To obtain insight into this issue, Techaisle asked survey respondents to identify who (by area of responsibility) has primary responsibility in each of 10 cloud security areas and 12 mobility security areas. Looking across both groups, we see at a glance that in both the small and mid-sized businesses business management is viewed as a source of access policy but the management of the security process is largely the preserve of IT.

Comparing Cloud and Mobility Security Management

The study shows that there are three key players in managing cloud and mobility security within SMB organizations – Business Management, IT Management and Service Providers. Business management involvement is higher than IT management in mobility security, 87 percent vs. 68 percent. Drilling down into the data we find that SMB BDMs take an active role in five out of twelve mobility security areas and have primary responsibility in seven security areas.

On the other hand, SMB BDM involvement in cloud security management is 76 percent which is almost same as ITDM at 78 percent. But unlike mobility security management, BDMs are actively involved in three cloud security areas and have primary responsibility in only one security area.

Within the mid-market businesses, IT management has a higher percent of involvement than business management for both mobility and cloud security administration. ITDMs actively participate in five of twelve mobility security areas and five of ten cloud security areas.

The above data does not imply that BDMs and ITDMs are not involved in all security management areas; in fact, they are but the roles and responsibilities shuttle between the two principle SMB custodians.

Comparing Small and Mid-market Businesses for Cloud security management

Drilling down into the cloud security management process only, the data reveals that BDMs are responsible for setting access policy in over 60 percent of cases – but all other steps in the process are primarily the responsibility of IT but with involvement from BDMs, from user authentication to ensuring consistency with audit, regulatory and compliance requirements and to ensuring that backup is regular, effective and testing.

When we turn our attention to the mid-market businesses, the first finding that leaps out at us is the more prominent role played by business management. In nine of the ten cloud security activities covered in the survey, medium business respondents report more non-IT management involvement than their small business peers – and in one step in the cloud security process (ensuring consistency with audit, regulatory and compliance requirements) medium business BDMs have similar level of responsibility as ITDMs.

Role of Service Provider in Securing SMB Cloud and Mobility solution deployments

Survey data presents a very interesting dichotomy about the role of service providers in securing SMB cloud and mobility solution deployments. Service providers are involved in 47 percent of SMBs for cloud security which is 35 percent higher than their involvement in mobility security. But for mid-market businesses they are 50 percent more involved in mobility security than cloud security. Out of the twelve areas, key roles played by service providers for mobility security are “Authenticating user identities” and “Deploying and updating malware and other security technologies on corporate-owned endpoint devices”. Within the ten different cloud security areas, service providers are most involved in “Safeguarding against unauthorized access” and “Authenticating user identities”.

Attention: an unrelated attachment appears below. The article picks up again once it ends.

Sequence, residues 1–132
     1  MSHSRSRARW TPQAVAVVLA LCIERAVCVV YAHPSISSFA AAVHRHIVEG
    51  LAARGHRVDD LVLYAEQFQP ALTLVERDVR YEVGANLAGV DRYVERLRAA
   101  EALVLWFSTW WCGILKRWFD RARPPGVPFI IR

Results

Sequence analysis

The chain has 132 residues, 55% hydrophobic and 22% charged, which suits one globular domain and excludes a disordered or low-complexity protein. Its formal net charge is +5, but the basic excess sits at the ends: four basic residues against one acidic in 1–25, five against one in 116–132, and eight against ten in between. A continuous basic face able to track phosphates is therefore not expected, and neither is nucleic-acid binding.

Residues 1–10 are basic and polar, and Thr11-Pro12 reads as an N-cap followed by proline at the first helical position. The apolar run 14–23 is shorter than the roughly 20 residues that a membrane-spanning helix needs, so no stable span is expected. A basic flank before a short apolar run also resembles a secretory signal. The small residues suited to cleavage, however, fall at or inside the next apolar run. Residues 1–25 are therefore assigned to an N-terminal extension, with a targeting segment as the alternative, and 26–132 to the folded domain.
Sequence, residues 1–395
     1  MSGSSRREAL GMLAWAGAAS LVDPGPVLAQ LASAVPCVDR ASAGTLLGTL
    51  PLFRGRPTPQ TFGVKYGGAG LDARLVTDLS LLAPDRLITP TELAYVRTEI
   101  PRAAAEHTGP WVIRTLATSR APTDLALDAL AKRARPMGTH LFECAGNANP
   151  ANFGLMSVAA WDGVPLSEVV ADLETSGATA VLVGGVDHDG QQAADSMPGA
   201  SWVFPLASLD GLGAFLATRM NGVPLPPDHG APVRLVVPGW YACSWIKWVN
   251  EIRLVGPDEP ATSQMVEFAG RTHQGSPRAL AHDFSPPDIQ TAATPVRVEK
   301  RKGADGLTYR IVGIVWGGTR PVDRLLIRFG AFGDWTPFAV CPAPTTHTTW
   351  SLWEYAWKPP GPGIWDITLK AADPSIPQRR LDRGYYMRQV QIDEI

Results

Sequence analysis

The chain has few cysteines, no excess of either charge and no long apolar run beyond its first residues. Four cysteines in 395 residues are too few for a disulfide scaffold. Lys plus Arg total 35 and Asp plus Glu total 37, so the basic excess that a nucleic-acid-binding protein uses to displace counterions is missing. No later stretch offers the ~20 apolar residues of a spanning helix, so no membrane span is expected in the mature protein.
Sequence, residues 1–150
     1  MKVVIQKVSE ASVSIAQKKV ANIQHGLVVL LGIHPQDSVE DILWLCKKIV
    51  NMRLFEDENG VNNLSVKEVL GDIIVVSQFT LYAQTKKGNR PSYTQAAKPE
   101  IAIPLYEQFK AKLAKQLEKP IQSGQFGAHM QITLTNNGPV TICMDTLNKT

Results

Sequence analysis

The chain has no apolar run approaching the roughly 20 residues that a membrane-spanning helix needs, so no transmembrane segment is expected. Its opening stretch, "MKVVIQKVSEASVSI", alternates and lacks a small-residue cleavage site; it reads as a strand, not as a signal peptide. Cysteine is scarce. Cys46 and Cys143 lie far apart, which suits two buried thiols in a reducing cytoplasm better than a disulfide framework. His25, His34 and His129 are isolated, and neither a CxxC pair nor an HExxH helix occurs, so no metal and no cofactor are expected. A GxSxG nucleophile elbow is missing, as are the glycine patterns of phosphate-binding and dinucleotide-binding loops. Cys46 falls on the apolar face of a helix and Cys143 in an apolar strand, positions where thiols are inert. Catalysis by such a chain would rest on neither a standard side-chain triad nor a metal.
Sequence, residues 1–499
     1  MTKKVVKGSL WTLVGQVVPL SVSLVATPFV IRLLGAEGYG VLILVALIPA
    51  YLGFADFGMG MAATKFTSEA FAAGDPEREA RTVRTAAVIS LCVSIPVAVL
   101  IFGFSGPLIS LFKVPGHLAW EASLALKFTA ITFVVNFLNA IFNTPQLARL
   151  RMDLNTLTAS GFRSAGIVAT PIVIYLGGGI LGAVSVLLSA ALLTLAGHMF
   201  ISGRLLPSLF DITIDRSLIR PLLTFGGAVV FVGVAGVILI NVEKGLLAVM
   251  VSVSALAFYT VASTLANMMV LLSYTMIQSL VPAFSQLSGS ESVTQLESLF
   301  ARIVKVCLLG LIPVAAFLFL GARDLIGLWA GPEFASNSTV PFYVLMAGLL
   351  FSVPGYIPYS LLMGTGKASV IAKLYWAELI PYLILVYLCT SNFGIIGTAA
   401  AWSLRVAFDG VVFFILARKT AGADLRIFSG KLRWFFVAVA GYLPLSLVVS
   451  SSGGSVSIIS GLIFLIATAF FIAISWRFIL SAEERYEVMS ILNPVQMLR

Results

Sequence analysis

It is interesting to note that both small and mid-sized businesses rely on cloud suppliers through the security process – interesting primarily because (as the saying goes) “you can’t outsource responsibility”. SMBs are free to rely on cloud suppliers for assistance through the cloud security process, but if/where there are breaches or other issues, the responsibility still rests with the business, not with the supplier. Techaisle believes that the proportion of SMBs –both small and medium businesses – who report that their cloud suppliers have responsibility for one or more cloud security activities should take a closer look at whether and how they might separate responsibility (which is a management requirement) from delivery (which may well be best outsourced to a cloud vendor). Here again, SMBs require guidance from security specialists to align practices with requirements.

Details about the report can be found here

Related research:

2014 SMB & Mid-Market Cloud Computing Adoption Trends

2014 SMB & Mid-Market Mobility Solutions Adoption & Trends

Anurag Agrawal

Symantec Simplifying Security for SMBs With Cloud Solution

Symnatec just announced its Endpoint Protection Small Business Edition 2013 which effectively moves Symantec's flagship security solution for SMBs to the cloud. The solution has an on-premise solution as well giving SMBs the flexibility to start with an on-premise solution or use directly a cloud-based solution with no additional hardware requirements and no special IT staff or training needed.

Techaisle Take